If all your trusted entities are collected in a single subnetwork, and if that subnetwork is made up of protected paths—encrypted or whatever—so that outsiders can’t gain access, then you can control trust conveyance by controlling who’s on the subnetwork. This is why I think the question of subnetwork architecture and security are critical for both SDN and NFV. It does little good to talk about security if your critical control/management interfaces are exposed to public access.
The problem with a pure trust focus is that you don’t account for a trusted entity turning on you, either deliberately or because they were hacked and someone has taken control. Few control measures are total proof against hacking, but it’s possible to reduce risk by making sure that trusted entities are not exposed to public Internet access or subject to the introduction of malicious software. You need a very isolated sandbox, which is not just addressing but processes.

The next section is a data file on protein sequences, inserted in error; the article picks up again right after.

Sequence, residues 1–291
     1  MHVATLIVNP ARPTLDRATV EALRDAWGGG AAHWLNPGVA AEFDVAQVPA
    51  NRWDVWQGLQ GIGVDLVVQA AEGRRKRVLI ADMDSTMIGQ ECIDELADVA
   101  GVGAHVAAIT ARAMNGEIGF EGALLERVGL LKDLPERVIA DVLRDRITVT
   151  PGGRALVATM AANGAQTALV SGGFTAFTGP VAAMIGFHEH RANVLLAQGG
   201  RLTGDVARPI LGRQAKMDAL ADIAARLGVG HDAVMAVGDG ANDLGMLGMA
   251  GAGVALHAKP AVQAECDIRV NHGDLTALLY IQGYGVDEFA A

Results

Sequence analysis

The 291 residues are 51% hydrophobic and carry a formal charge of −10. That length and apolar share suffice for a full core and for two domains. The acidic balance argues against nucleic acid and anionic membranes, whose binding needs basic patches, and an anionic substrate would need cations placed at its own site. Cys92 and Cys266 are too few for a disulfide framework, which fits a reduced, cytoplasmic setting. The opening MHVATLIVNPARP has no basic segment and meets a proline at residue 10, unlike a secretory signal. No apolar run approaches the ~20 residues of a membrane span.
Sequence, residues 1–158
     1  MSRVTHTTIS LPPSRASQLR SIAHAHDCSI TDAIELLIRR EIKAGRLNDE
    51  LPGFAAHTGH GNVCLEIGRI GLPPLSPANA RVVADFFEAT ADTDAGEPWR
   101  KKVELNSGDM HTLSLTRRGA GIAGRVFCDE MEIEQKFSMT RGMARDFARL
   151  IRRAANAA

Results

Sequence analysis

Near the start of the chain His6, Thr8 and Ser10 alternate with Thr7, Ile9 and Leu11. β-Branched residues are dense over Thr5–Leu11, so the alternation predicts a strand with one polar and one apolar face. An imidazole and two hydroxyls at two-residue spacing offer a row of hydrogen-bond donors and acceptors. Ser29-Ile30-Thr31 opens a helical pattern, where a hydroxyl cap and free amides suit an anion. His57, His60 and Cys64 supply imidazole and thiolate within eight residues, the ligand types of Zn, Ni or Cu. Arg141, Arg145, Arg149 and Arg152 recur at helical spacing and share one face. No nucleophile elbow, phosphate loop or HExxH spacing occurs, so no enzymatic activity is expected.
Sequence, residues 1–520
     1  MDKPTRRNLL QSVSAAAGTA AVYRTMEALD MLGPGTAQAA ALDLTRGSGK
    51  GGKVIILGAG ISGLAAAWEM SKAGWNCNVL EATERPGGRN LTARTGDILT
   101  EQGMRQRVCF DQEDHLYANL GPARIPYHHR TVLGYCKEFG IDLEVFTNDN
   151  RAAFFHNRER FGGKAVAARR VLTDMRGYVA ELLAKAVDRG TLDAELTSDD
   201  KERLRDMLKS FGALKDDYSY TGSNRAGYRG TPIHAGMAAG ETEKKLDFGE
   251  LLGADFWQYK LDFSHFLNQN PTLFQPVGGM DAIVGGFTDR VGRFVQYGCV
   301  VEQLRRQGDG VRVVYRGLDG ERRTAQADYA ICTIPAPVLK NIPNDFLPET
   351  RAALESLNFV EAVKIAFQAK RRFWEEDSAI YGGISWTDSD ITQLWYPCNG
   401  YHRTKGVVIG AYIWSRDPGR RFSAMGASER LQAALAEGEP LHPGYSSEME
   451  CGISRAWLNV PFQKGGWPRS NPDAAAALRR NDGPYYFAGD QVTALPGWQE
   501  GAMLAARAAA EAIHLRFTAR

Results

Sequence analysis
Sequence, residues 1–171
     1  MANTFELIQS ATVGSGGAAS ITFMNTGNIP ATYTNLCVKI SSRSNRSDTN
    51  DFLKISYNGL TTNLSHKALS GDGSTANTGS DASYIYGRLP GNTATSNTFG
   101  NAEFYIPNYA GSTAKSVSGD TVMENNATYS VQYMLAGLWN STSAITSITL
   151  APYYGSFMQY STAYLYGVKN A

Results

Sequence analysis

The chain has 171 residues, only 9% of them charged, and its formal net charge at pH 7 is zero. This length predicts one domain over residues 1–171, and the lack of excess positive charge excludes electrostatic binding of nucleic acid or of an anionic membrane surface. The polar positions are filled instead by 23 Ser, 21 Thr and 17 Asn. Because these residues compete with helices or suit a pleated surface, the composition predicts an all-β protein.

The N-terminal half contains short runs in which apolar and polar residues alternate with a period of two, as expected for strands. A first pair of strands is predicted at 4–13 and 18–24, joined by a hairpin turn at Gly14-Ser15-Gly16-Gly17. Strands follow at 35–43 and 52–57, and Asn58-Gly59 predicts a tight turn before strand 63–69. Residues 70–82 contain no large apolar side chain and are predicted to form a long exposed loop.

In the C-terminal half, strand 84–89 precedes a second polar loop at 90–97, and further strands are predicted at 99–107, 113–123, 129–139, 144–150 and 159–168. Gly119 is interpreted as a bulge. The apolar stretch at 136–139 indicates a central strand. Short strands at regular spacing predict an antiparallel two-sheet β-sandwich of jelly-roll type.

Even that’s not always going to solve your problem. Things creep through almost anything, and there’s also that risk of someone going rogue or simply making a major mistake. This is where the “verification” comes in.
It should be an axiom of SDN and NFV that any control/management change made for any reason must be explicitly associated with a causal factor (both event and the agent making the change) and logged. Further, it should be an axiom that the message itself (including the causal factor and commands) must be authenticated.
Message authentication in networking and IT has been around for a while. The basic idea is that you generate a secure “hash code” from a message that is a form of a cryptographic key. Anyone can send this key to an authority for validation, which means that if you derive the key of a message you receive you can validate the key and through it the authenticity of the message.